7am (Back at mom’s this morning)
Every inch of this house (in Marshfield) speaks my mother’s name. I feel her presence here in all her ways. I miss her. I don’t know how my dad can go on. This is an adult situation. Dying is not for children. Dying is not right. Its not prolife. Its senseless. Where I should hear and feel, there is silence. I keep expecting to hear your voice, Mom, and have you appear in the doorway. Angel figures and figurines are everywhere. Lotions of every sort. A wicker basket of towels. Family photos line the hall. Gold filigree wallpaper. Plaques speaking of dad’s outstanding service awards that, Mom, you helped coordinate. She had the phone numbers, the names, the driving directions.
Plastic flowers. Everywhere. Paintings of Jesus. Everywhere. Not the decor dad would choose. He has his John Wayne and his Louis Lamour in some places.
A tear rests in each cheek of my face. And dries there. Here in dad’s office thre are no kleenex. Though I know he’s wept here. He’s wept and will in every corner of this house.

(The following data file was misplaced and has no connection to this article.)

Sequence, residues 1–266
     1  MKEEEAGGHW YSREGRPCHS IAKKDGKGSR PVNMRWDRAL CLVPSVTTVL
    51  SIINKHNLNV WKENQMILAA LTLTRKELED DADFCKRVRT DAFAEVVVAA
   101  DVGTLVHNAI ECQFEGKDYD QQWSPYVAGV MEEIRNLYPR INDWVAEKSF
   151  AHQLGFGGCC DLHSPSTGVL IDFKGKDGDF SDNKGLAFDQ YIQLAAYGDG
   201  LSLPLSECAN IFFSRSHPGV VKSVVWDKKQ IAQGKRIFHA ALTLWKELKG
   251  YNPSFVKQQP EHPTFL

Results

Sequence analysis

Books on faith and healing. Not hers, but his. Searching every angel. There must be a way. A God-shaped loophole. He brought her back to dad (they were separated) surely not to take her away. Three shelves of these books beside his desk. Now behind him. Now is acceptance. Now we move on. Now we learn her new communications and we sit by her side.
10:45am (at the hospital)
Mom has on a colorful polar fleece hat to keep her warm. Her eyes are closed. Her chin on her chest. Her head to the right side. It is so good to be here with her. To hear her breathing. To feel her hands. To touch her face. I love her so and cherish this time. This day. Thank God.